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Why Keeping Good Medical Records Is So Important

Published: February 24, 2021 | Updated: February 25, 2021
 

Everyone makes mistakes, even on the job. But when you make a mistake with a patient’s medical record, you could create serious consequences for the patient, your facility, and you. Those records document everything about a patient’s health, from what treatments they’ve had to what medications they can and can’t take. That’s why it’s vital to ensure that medical records remain accurate and consistent over time.

What Is a Medical Record?

Ever since 2015, health facilities have been required to keep Electronic Health Records (EHR). These electronic medical records tell the story of your patient’s health. They include information on the patient’s diagnoses, how they’ve been treated, what doctors they’ve seen, and what medications they can and cannot take. They generally include:

  • Handwritten notes from physicians
  • X-rays
  • Tests and lab results
  • Consent forms
  • Printouts from monitoring equipment

EHRs can also include emails between the doctor and patient or communications among healthcare professionals about the patient. All of this information is important for the doctor, patient, and anyone involved in patient care.

Why Do Medical Records Need to Be Accurate?

Accuracy is crucial. A detailed medical record could, in fact, save someone’s life. Here are just four reasons why this documentation is so important:

  1. EHRs Inform the Doctor: A doctor can’t remember every single encounter with every single patient. But they can look through a patient’s record to refresh their memory before a visit. They can find the basic information they need without having to ask the patient questions that they’ve probably answered many times before. This is also helpful if a patient needs to switch to another doctor or see a specialist. The new doctor can find all of the necessary information in the EHR.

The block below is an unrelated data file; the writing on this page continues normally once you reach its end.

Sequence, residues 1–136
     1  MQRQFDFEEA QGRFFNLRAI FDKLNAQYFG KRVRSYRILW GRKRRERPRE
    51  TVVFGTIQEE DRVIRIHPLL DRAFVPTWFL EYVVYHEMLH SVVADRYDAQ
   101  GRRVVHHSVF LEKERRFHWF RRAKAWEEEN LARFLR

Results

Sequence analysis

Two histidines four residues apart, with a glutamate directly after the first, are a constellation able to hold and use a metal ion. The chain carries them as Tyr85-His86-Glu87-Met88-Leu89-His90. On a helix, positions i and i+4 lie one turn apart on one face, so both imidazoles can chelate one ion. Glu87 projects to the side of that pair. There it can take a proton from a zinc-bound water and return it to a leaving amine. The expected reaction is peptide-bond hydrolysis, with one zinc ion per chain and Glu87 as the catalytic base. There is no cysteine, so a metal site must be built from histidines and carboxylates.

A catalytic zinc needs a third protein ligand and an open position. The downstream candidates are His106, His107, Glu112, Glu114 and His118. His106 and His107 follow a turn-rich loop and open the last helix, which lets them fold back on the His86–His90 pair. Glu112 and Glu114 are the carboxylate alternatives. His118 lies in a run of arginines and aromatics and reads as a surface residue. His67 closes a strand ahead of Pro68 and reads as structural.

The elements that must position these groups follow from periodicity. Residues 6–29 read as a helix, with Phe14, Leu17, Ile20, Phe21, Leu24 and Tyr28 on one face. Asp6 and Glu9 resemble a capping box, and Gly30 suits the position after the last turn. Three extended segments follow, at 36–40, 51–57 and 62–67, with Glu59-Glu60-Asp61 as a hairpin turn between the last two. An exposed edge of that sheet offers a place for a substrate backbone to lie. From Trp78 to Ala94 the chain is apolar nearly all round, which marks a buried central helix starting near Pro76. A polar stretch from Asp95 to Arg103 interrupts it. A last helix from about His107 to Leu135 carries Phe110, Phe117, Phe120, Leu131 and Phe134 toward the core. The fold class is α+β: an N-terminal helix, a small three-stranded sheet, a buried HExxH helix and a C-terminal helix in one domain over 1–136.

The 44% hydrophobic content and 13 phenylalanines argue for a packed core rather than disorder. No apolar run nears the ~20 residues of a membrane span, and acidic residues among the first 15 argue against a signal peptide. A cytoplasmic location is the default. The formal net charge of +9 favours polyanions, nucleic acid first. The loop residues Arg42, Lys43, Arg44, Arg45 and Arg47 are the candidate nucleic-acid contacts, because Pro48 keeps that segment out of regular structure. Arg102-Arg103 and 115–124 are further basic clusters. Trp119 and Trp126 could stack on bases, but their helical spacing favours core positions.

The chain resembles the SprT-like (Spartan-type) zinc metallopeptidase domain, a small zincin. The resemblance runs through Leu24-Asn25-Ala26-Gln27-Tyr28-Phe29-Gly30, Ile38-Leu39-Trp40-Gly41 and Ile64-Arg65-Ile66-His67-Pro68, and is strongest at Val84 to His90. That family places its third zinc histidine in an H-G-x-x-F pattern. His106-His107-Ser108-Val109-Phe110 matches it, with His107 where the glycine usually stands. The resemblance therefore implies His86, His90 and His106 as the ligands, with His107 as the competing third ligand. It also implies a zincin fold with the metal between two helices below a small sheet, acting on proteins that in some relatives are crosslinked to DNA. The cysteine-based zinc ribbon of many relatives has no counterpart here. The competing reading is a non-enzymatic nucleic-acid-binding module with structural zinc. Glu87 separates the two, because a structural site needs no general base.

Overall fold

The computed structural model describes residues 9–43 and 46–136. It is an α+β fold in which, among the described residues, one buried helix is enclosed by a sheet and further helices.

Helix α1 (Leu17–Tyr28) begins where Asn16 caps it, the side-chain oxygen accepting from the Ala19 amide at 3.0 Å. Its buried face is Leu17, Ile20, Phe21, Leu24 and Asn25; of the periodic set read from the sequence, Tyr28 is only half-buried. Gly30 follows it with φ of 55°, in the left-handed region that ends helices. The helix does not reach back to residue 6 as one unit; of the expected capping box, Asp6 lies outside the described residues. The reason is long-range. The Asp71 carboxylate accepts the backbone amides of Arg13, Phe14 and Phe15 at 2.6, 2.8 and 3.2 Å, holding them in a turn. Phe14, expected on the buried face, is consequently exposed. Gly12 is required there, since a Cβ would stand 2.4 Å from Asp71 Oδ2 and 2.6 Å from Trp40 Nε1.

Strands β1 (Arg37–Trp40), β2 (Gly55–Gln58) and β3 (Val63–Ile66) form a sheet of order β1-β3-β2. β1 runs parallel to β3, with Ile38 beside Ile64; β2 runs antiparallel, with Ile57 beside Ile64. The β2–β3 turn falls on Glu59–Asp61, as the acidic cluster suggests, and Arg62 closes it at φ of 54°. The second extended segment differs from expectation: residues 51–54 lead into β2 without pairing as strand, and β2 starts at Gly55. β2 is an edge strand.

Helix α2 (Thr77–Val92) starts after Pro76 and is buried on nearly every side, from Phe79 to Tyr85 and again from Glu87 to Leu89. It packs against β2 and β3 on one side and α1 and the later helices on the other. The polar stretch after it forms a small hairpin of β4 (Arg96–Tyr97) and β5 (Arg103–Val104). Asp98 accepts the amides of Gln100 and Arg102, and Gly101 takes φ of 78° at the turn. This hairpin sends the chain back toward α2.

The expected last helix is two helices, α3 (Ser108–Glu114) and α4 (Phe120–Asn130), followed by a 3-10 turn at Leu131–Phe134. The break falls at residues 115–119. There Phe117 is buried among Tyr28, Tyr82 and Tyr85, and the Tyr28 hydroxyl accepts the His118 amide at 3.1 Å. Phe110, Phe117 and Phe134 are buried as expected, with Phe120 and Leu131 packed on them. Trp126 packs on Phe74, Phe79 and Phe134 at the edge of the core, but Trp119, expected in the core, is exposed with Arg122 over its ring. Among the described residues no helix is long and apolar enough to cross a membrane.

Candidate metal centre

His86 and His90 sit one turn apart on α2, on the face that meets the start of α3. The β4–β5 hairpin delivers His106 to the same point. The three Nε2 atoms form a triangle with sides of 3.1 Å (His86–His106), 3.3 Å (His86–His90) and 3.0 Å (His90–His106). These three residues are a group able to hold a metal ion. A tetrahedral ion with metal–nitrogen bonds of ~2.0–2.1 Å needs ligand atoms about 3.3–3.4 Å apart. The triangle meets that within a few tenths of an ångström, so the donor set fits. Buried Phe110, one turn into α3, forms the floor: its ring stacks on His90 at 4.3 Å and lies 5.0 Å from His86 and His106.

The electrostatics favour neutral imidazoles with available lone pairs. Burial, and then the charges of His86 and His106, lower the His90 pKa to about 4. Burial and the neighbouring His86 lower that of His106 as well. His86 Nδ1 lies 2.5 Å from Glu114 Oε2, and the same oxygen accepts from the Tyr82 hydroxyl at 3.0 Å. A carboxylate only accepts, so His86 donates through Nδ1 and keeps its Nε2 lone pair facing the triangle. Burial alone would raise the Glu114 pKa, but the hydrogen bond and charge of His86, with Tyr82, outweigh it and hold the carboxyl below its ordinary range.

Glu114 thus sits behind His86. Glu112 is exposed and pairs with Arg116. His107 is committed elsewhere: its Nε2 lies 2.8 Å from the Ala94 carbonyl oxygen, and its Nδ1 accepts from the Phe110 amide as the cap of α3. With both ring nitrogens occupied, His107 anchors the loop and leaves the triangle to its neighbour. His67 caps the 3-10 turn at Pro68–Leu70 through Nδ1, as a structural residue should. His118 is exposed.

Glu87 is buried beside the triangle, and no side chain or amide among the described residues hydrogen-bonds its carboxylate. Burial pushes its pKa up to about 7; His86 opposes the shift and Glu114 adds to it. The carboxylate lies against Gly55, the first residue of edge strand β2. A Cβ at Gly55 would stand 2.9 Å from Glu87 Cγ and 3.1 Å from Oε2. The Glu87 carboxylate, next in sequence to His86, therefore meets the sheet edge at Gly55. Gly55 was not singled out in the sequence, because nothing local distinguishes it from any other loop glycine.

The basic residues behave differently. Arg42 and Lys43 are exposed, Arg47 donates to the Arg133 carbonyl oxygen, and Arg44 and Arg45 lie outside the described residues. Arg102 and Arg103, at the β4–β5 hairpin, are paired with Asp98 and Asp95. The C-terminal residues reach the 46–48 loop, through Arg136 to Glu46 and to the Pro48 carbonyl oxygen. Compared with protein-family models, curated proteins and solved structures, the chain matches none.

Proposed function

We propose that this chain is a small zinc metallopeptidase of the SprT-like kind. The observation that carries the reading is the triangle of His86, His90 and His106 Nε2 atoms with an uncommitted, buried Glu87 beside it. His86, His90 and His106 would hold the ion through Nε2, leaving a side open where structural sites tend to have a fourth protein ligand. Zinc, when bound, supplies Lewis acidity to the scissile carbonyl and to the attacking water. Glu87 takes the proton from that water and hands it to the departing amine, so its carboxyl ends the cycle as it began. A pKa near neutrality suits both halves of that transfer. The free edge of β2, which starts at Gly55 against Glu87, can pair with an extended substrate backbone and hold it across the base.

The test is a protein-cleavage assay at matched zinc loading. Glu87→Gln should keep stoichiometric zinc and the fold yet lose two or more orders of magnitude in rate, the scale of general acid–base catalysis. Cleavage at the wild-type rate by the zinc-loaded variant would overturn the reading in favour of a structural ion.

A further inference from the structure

2. EHRs Protect the Patient’s Health: Medical records outline the patient’s treatment plan. If mistakes are made in any of this documentation, it could affect the patient’s prognosis. This is especially important when it comes to medication. Patients can be allergic to medications and some medications can’t be mixed with others. If this information isn’t properly documented, the patient could suffer an adverse reaction.
  3. EHRs Help Move the Billing Process Forward: Medical records provide information on what treatments will be covered by insurance. In most instances, the insurance companies will request access to these records to move the process forward. If the information in an EHR is inaccurate, it could cost the patient a lot of money.
  4. EHRs Protect Your Facility: If a patient threatens to sue for malpractice, a well-maintained medical record could help your case. EHRs are often the first item a legal team will look at in a malpractice case, and if there are any errors, it could put your facility in hot water.

 

The maintenance of medical records is an important job, for the patient, physicians, and your practice. If you’re organized and have an eye for detail, you may be a great candidate for a career in medical coding and billing. At Charter College, we offer an Associate of Applied Science in Medical Billing and Coding that will provide you with knowledge of healthcare law, electronic health records, claim submissions, and more. This program is offered online through our Anchorage campus for Alaskan residents and our Vancouver campus for non-Alaskan residents. Call 888-200-9942 or fill out the form to learn more.